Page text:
Color, Language, and Thought

Principal Investigator(s): 
Paul Kay, Terry Regier

In 1978 The World Color Survey (WCS) collected color naming data in 110 unwritten languages from around the world. The ICSI WCS staff (Paul Kay and Richard Cook of ICSI, Terry Regier of University of Chicago) put these data into a single database, available to the scientific community. Several outside laboratories have already used this database for studies.

ICSI WCS personnel, joined in one case by Michael Webster (University of Nevada, Reno), have published several statistical studies, using the WCS database, that establish universal tendencies in color naming (contrary to the claims of some linguistic relativists).

In 2010, a sequel to Brent Berlin and Paul Kay's 1969 book Basic Color Terms was published by CSLI Publications. The new book, World Color Survey, is authored by Paul Kay, Brent Berlin, Luisa Maffi, William R. Merrifield, and Richard S. Cook. It presents a detailed analysis of the color systems of the 110 unwritten languages studied by the WCS.

A collaboration of Aubrey Gilbert and Richard Ivry of the UC Berkeley Psychology Department with Regier and Kay has demonstrated Whorfian effects in color discrimination lateralized to the right visual field. The right visual field projects to the left cerebral (or "language") hemisphere. Subsequent experiments revealed the lateralized Whorfian effect in a second lexical domain. Follow-up studies, in collaboration with researchers at the University of Surrey led by Anna Franklin and I.R.L. Davies, have shown that infants have lateralized categorical perception for color in the left visual field, and that for toddlers the visual field yielding a relative advantage for cross-category discriminations of color changes from left to right with the acquisition of color terms. Future lateralization studies of color, other lexical domains, and other languages are planned.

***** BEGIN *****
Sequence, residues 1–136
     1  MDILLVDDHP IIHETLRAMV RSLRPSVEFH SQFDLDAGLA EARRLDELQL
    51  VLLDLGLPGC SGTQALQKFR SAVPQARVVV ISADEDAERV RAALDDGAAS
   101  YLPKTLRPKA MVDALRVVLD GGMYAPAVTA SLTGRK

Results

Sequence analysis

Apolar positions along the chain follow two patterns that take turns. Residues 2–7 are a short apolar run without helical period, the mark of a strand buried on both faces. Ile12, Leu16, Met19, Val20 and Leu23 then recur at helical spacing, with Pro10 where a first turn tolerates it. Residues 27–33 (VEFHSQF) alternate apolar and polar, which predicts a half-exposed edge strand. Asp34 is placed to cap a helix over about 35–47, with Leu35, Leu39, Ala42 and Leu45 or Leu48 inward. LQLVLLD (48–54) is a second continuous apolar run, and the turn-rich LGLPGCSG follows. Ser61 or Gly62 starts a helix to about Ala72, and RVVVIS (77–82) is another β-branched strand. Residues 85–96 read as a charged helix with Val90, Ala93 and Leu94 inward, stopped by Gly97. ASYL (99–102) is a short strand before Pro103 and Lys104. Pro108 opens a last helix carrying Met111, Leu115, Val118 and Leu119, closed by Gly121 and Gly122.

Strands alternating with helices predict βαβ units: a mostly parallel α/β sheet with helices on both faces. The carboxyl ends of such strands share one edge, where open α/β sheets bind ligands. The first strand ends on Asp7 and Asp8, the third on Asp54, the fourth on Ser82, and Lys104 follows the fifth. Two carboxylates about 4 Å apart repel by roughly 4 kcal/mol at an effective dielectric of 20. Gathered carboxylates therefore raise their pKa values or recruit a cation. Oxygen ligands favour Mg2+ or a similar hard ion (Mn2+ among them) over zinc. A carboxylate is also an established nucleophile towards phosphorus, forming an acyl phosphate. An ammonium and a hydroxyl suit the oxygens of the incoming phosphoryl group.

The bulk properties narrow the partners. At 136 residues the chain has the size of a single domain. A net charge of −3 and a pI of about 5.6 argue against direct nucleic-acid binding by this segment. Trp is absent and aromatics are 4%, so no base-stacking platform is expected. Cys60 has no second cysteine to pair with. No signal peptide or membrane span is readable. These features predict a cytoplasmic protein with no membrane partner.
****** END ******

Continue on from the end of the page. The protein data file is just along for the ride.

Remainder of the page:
Regier, Kay, and Naveen Khetarpal of the University of Chicago have completed a study, based on the WCS database, demonstrating that color naming across languages reflects near-optimal partitions of the irregular surface of perceptual color space. Further optimization studies of color naming are planned, using different color order systems and more complex and realistic models of the evolution of color naming systems. The optimization model shows promise of explaining systematic variation across color naming systems, as well as universal tendencies. The same ideas have recently also been applied to spatial terms in several unrelated languages.

Funding provided by NSF grant 0130420, Statistical analysis of cross-language color naming data.